If a musician then manages to take me hostage then he or she has got an imense power. One that I will bow my head and close my eyes for. That it happened on a Saturday morning while I was unloading the dish washer and I did try to recuperate from 5 days abroad with lively year 5 students was a bonus.
Then there are the memories that I do cherish so greatly when it comes down to music. I am so grateful that my parents made me listen to music. 'Do you hear that?', my dad more then once would say. I have to be honest that I was not always there when he already had picked up the core of the piece. There have been moments that I had to listen more then once. Many things what he did hear I might never picked up because listening to music is also something very intimate. The musician allows you to embark on a very intense journey. There is a map avalaible of this musical journey but chances are likely that there will be delays, change or directions, detours, crashes, flat tyres and in some cases you might like to speed up the tempo when he or she decides that it is the only right direction to go with their musical instrument.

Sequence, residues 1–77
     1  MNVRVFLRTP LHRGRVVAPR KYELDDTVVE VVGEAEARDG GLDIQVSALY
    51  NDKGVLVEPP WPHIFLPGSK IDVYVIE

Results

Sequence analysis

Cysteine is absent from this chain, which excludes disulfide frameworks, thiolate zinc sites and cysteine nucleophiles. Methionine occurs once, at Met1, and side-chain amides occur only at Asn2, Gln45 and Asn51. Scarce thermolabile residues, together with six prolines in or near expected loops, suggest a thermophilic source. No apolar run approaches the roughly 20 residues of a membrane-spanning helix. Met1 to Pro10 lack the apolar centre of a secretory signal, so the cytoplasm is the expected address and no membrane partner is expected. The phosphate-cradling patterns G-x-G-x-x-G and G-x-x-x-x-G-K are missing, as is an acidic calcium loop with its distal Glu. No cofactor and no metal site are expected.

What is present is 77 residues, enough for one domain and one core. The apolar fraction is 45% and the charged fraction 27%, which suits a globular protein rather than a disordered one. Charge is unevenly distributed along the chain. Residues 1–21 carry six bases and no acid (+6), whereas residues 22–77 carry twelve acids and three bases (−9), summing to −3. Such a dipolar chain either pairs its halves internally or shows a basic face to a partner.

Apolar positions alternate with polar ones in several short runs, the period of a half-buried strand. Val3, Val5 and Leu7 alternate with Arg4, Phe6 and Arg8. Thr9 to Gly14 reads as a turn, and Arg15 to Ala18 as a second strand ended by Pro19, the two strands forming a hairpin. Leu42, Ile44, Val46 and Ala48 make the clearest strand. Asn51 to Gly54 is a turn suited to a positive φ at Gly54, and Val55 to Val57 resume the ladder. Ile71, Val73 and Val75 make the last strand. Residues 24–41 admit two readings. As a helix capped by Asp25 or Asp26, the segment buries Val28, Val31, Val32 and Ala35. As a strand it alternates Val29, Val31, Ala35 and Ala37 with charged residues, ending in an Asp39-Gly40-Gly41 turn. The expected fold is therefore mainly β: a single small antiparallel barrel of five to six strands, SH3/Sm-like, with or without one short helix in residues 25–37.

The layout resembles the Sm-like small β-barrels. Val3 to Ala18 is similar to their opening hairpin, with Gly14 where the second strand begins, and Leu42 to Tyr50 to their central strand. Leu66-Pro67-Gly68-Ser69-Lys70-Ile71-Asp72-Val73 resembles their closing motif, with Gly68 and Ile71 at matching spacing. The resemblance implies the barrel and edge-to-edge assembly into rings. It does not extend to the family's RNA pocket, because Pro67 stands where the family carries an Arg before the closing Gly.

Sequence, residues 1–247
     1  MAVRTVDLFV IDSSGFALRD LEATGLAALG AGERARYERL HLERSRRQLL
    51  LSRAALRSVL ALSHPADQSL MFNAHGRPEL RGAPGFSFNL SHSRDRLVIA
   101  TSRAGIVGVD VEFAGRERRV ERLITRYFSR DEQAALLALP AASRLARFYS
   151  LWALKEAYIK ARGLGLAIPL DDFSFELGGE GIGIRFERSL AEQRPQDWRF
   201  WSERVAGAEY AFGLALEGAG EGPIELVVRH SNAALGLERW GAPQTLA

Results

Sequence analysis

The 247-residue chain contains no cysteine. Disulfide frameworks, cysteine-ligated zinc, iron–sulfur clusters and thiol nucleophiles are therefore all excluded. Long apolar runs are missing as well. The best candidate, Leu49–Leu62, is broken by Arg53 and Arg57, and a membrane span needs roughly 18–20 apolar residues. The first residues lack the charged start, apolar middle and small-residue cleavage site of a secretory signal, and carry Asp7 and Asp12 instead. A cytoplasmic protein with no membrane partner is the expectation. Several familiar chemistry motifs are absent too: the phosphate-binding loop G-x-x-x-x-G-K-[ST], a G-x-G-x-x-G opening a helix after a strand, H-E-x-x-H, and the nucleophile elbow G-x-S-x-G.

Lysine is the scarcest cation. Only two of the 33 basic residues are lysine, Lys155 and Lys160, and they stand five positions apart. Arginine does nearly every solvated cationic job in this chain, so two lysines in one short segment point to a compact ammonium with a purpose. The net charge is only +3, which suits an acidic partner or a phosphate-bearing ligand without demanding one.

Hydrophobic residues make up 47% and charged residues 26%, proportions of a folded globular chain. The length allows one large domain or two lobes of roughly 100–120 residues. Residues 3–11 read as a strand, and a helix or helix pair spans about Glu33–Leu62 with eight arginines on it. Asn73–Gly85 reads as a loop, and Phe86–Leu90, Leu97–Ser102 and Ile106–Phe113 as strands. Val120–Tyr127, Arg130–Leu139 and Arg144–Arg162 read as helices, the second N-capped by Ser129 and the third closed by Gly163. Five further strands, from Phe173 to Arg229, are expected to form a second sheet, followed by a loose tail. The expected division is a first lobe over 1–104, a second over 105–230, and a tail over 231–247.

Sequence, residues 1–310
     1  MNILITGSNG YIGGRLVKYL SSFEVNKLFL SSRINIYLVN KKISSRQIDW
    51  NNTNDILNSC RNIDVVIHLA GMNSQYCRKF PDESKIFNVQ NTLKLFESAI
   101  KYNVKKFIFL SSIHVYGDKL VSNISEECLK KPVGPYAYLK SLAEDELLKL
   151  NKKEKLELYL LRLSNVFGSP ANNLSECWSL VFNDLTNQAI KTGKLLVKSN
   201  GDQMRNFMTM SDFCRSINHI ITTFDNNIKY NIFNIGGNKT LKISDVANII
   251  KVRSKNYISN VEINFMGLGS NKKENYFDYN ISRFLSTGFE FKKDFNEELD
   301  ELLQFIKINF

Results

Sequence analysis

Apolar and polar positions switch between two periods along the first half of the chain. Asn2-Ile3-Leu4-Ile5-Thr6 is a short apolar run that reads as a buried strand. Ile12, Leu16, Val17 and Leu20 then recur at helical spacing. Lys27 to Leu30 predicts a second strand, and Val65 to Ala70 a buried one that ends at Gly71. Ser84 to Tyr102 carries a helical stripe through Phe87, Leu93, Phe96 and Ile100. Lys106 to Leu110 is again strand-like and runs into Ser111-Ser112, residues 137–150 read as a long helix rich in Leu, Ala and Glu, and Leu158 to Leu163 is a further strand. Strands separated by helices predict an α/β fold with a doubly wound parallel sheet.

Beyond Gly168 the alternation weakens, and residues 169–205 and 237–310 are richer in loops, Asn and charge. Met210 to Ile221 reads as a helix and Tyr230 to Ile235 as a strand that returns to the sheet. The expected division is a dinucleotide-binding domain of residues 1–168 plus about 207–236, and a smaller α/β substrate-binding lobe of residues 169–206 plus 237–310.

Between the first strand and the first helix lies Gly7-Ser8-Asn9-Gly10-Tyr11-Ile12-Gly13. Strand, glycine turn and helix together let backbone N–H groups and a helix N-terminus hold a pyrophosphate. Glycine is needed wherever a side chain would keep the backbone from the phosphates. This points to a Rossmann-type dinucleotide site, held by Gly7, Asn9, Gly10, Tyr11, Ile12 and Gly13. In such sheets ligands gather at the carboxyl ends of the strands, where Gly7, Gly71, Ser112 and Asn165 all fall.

One memorable day still highlights that love I have for piano music. The day that my father in 1995 took me to a piano concencerto played by the winner Markus Groh. It was not only the breathtaking background of the castle of Hex, the lovely smelling rosebushes, the rays of sunlight that then reflected on the black and shiny grand piano and the goosebumps that I felt underneath my summer dress that afternoon that made it an unforgetable event. No, it was so much more. You were not there with me so it is hard to explain but still... My dad was sitting next to me and when I did once in a while got see his face and saw his eyes sparkle at moments that my heart made also tiny jumps of joy that made it such a special and unforgetable day.